‘Backlog’ is the amount of repair and maintenance work needed to bring property up to certain standards of physical condition.
The NHS in Wales wished to improve the consistency with which its property holding bodies established backlog maintenance costs and managed risks in relation to repair and maintenance activity. This would help them make more well-informed, evidence-based decisions on prioritising expenditure on property assets.
In December 2004 Welsh Health Estates (WHE) introduced new guidance to help NHS bodies determine and manage their backlog maintenance more effectively. The guidance was entitled A Risk Based Methodology for Managing Backlog Maintenance and was produced by NHS Estates in England.
The approach advocated in the guidance document built on existing and well-established methodologies used by the NHS Wales. But it went further by introducing a model for measuring and categorising risks. In addition, the guidance introduced the concept of Risk Adjusted Backlog (RAB) costs, promoting a distinction between critical and non-critical risk elements and emphasising the need to prioritise critical risk elements in estate investment planning, while taking account of ongoing maintenance requirements.
The standard methodology involves assigning a ‘consequences’ score (from insignificant to catastrophic) and a ‘likelihood’ score (from rare to certain) to a potential compliance or performance failure, to then calculate a ‘risk score’. From this score a simple ‘risk category’ (low, moderate, significant, high) is assigned. Some property holding bodies in the NHS have refined the standard methodology to further prioritise risks and better target financial resources. Using the methodology, risk adjusted backlog costs can be calculated, for particular works and sites, and for aggregation at organisational, regional and national level.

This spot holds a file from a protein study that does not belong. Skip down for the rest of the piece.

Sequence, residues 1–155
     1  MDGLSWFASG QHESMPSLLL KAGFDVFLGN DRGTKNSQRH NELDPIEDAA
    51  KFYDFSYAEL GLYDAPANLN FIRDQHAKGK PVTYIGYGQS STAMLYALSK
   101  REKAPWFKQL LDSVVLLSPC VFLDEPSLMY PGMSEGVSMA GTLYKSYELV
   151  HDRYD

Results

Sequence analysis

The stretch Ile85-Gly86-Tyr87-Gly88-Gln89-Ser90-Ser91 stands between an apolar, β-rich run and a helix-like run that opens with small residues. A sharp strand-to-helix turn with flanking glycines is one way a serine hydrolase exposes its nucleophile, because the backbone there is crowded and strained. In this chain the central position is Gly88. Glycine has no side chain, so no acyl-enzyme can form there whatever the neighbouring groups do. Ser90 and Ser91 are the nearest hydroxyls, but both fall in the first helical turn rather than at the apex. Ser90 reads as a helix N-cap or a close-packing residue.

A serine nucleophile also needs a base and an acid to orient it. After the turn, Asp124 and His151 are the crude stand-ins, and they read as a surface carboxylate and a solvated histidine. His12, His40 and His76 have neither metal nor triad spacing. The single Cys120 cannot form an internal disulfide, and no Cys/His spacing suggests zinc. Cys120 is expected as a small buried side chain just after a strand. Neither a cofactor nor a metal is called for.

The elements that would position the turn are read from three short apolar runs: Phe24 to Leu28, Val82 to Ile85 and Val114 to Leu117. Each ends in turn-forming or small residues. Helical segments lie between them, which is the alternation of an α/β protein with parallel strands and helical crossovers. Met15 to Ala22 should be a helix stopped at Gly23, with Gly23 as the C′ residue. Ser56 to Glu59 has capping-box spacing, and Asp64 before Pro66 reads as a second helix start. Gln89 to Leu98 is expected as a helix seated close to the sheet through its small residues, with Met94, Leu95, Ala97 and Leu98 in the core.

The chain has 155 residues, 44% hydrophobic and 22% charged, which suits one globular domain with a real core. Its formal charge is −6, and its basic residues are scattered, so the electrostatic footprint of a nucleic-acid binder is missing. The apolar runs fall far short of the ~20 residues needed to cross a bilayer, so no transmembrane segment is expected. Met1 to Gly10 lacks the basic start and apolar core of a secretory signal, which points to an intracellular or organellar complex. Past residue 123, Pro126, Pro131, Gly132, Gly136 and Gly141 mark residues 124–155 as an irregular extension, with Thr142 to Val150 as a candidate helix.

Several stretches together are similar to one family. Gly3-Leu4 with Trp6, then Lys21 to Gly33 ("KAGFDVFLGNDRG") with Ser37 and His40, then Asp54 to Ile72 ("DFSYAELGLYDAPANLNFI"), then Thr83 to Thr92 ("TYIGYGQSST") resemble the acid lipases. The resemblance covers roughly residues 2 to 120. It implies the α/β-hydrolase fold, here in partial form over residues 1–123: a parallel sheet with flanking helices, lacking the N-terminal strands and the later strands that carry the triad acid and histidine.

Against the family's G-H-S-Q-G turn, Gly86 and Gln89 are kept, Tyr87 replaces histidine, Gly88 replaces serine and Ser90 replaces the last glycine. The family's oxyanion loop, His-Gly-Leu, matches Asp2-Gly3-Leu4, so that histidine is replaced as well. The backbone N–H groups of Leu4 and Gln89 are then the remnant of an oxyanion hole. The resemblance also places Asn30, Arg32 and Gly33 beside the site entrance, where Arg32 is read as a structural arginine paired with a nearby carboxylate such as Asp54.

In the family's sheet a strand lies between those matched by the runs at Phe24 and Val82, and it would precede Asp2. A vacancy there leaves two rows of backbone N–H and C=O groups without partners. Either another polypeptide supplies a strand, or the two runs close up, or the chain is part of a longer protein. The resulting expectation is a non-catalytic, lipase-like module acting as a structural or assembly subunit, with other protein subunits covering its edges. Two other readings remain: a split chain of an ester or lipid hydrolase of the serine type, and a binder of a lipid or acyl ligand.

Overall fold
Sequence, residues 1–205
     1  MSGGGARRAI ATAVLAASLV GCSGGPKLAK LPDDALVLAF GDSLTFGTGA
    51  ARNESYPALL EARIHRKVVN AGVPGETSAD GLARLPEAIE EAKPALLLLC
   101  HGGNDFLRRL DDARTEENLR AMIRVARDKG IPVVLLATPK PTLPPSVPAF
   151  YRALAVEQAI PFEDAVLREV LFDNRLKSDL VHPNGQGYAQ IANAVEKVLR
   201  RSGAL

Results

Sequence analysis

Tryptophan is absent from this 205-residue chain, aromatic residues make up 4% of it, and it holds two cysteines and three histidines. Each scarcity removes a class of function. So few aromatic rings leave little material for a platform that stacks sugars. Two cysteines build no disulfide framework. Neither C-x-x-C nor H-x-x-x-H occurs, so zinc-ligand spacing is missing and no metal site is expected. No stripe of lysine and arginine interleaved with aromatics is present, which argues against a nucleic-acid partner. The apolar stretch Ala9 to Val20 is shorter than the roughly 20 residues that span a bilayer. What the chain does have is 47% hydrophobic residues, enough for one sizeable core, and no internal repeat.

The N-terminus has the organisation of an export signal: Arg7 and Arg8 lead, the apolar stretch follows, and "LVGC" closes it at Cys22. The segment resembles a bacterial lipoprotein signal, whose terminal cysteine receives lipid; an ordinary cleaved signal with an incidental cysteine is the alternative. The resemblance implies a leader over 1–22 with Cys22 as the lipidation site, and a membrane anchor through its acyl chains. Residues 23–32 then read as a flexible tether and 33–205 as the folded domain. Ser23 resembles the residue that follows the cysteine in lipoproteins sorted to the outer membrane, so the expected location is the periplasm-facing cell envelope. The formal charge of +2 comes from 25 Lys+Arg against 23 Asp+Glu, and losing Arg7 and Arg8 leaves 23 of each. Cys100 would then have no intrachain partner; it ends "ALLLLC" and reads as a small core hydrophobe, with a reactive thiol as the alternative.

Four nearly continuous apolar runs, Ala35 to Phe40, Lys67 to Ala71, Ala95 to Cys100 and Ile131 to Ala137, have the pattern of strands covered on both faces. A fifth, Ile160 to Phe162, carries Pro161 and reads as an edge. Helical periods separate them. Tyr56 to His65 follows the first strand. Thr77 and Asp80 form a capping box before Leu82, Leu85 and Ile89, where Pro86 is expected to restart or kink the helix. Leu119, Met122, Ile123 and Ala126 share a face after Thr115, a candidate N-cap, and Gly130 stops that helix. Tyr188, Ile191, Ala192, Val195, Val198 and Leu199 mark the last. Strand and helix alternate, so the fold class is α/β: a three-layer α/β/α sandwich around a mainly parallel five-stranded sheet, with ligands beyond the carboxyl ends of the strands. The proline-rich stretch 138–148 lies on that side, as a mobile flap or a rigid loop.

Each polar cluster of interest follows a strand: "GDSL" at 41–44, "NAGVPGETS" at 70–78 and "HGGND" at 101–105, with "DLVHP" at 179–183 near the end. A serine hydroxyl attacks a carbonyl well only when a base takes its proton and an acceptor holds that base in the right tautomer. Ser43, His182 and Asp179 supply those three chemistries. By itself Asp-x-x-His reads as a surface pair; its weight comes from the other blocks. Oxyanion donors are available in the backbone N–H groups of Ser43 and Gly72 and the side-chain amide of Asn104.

The Welsh Assembly Government funded a two-year programme (2006-07 to 2007-08) to encourage NHS Wales property holding bodies to address some ofthe most serious estate risks. WHE managed this Major Risk Framework (MRF) programme. The bidding mechanism for programme funding required bodies to use the standard risk-based methodology.
The risk-based approach to managing repairs and maintenance, further enhanced by the RAB cost measurement, has helped property holding bodies focus their priorities on key risks, while not ignoring day-to-day requirements. Against the background of a real terms decrease in total unadjusted backlog maintenance costs, the risk-based approach has helped bodies to stabilise risk adjusted backlog maintenance costs in real terms and as a proportion of total unadjusted backlog costs.
The projected costs of addressing backlog maintenance in NHS Wales have increased in cash terms by £74 million: from £431 million in 2001-02 to £490 million in 2008-09 (although the 2008-09 figures quoted do not include backlog costs ofjust under £15 million at the Welsh Ambulance Services NHS Trust which were reported for the first time in 2008-09). And, overall, Welsh Health Estates has estimated that backlog maintenance costs have fallen by £120 million in real terms over the same period.
Using the RAB approach the total backlog maintenance figure, for the high and significant risk categories, was around £251 million in 2008-09 (excluding £6.5 million at the Welsh Ambulance Services NHS Trust). This compares with the RAB figure for 2005-06, the first full year of using the method, of £243 million.
The Assembly Government and WHE consider the risk-based approach to provide a more realistic assessment of backlog maintenance across the NHS Wales estate. This in turn helps bodies improve the value for money of their spending on repairs and maintenance.
The NHS Wales plans to make significant inroads into reducing backlog maintenance costs further through targeted capital investment under the all-Wales capital programme and individual bodies‘ discretionary capital allocations.
Contact name: Peter Wiles